The New York Times has a nice overview article on a new literary festival launching in Paris later this week, and run in part by Caro Llewellyn who directed the PEN World Voices Festival a few years back:
Paris is reaching out to recapture its place as a center of literature with a new festival of international writers that was set to begin Friday.
“There’s a sense in America that France is a country of culture, but when you are looking from the inside, a lot of people have been complaining that France needs to find its beating heart again,” said Lila Azam Zanganeh, a French-Iranian writer who now lives in New York and is one of the writers participating in the festival, Écrivains du Monde. [. . .]
The Écrivains du Monde festival may not, on its own, recreate the vibrant sense of literary experimentation and adventure of the first half of the 20th century, when Paris was home to the likes of Gertrude Stein, James Joyce, Samuel Beckett and Eugene Ionesco, but it marks a new appreciation of the primacy of international writing, in a country that despite a complex relationship with outsiders, has always embraced their contribution to the arts. [. . .]
The inaugural festival draws together some 28 writers from at least 18 countries. Most are not French themselves, but they have been translated into French and have a French following. The authors, who are speaking for small stipends, include some of the best-known fiction writers at work today: Salman Rushdie, John Banville, Richard Ford, Chimamanda Ngozi Adichie, David Grossman, Ma Jian and Michael Ondaatje. Also attending are several authors who write in French although not all of them are from France, including two from Lebanon and a Canadian-Haitian. The writers, who are coming for three days to Paris, with a few going on to spend two days in Lyon on Sept. 23 and 24, will hold intimate — and sometimes not so intimate — talks with their readers and literary enthusiasts. Panel discussions will take on topics like the challenges of translation, identity and conflict, literature and war.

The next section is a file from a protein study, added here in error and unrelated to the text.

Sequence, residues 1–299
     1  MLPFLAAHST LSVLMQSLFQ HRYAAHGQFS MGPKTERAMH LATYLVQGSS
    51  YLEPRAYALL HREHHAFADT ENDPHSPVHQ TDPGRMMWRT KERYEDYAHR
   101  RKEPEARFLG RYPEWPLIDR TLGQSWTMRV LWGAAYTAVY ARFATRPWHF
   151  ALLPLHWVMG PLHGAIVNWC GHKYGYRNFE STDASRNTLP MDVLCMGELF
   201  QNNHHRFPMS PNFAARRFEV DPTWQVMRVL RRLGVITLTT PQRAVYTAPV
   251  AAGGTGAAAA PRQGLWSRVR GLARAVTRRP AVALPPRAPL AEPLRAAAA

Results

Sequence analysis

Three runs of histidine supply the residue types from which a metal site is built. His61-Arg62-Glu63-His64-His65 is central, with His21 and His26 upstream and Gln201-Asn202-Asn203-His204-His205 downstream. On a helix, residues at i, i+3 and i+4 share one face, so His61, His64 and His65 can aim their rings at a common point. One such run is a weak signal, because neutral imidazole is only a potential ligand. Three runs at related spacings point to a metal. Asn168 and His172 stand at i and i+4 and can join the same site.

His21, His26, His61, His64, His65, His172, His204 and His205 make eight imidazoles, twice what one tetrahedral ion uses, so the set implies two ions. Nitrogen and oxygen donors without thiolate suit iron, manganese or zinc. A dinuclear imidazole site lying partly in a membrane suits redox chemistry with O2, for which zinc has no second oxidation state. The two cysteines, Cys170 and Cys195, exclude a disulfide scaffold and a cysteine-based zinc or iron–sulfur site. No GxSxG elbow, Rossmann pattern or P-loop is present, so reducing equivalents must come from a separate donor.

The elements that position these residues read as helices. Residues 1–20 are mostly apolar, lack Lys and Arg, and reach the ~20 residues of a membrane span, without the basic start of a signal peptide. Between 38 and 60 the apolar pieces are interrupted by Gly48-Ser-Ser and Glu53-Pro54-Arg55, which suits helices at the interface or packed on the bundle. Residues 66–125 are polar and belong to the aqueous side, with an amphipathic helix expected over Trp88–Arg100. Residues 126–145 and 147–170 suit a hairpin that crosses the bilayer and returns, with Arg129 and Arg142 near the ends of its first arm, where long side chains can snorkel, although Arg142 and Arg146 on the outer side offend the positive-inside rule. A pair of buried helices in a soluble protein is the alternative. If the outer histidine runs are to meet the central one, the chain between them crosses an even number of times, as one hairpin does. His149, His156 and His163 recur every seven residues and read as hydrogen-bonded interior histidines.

While looking back at an episode in his life, twenty-year-old Taguchi Hiro remembers what his friend Kumamoto Akira said about poetry.
Its perfection arises precisely from its imperfection . . . . I have an image in my head. I see. . .
The central concern of Sorj Chalandon’s novel Return to Killybegs appears to be explaining how a person of staunch political activism can be lead to betray his cause, his country, his people. Truth be told, the real theme of the. . .
Spoiler alert: acclaimed writer Stefan Zweig and his wife Lotte kill themselves at the end of Lauren Seksik’s 2010 novel, The Last Days.
It’s hard to avoid spoiling this mystery. Zweig’s suicide actually happened, in Brazil in 1942, and since then. . .
To call Kjell Askildsen’s style sparse or terse would be to understate just how far he pushes his prose. Almost nothing is explained, elaborated on. In simple sentences, events occur, words are exchanged, narrators have brief thoughts. As often as. . .
After a mysterious woman confesses to an author simply known as “R” that she has loved him since she was a teenager, she offers the following explanation: “There is nothing on earth like the love of a child that passes. . .
Floating around the internet amid the hoopla of a new Haruki Murakami release, you may have come across a certain Murakami Bingo courtesy of Grant Snider. It is exactly what it sounds like, and it’s funny because it’s true,. . .
The publisher’s blurb for Oleg Pavlov’s The Matiushin Case promises the prospective reader “a Crime and Punishment for today,” the sort of comparison that is almost always guaranteed to do a disservice to both the legendary dead and the ambitious. . .
One hundred years have passed since the start of World War I and it is difficult to believe that there are still novels, considered classics in their own countries, that have never been published in English. Perhaps it was the. . .
In the London of Hédi Kaddour’s Little Grey Lies, translated by Teresa Lavender Fagan, peace has settled, but the tensions, fears, and anger of the Great War remain, even if tucked away behind stories and lies. Directly ahead, as those. . .
One of the greatest services—or disservices, depending on your viewpoint—Bertrand Russell ever performed for popular philosophy was humanizing its biggest thinkers in his History. No longer were they Platonic ideals, the clean-shaven exemplars of the kind of homely truisms that. . .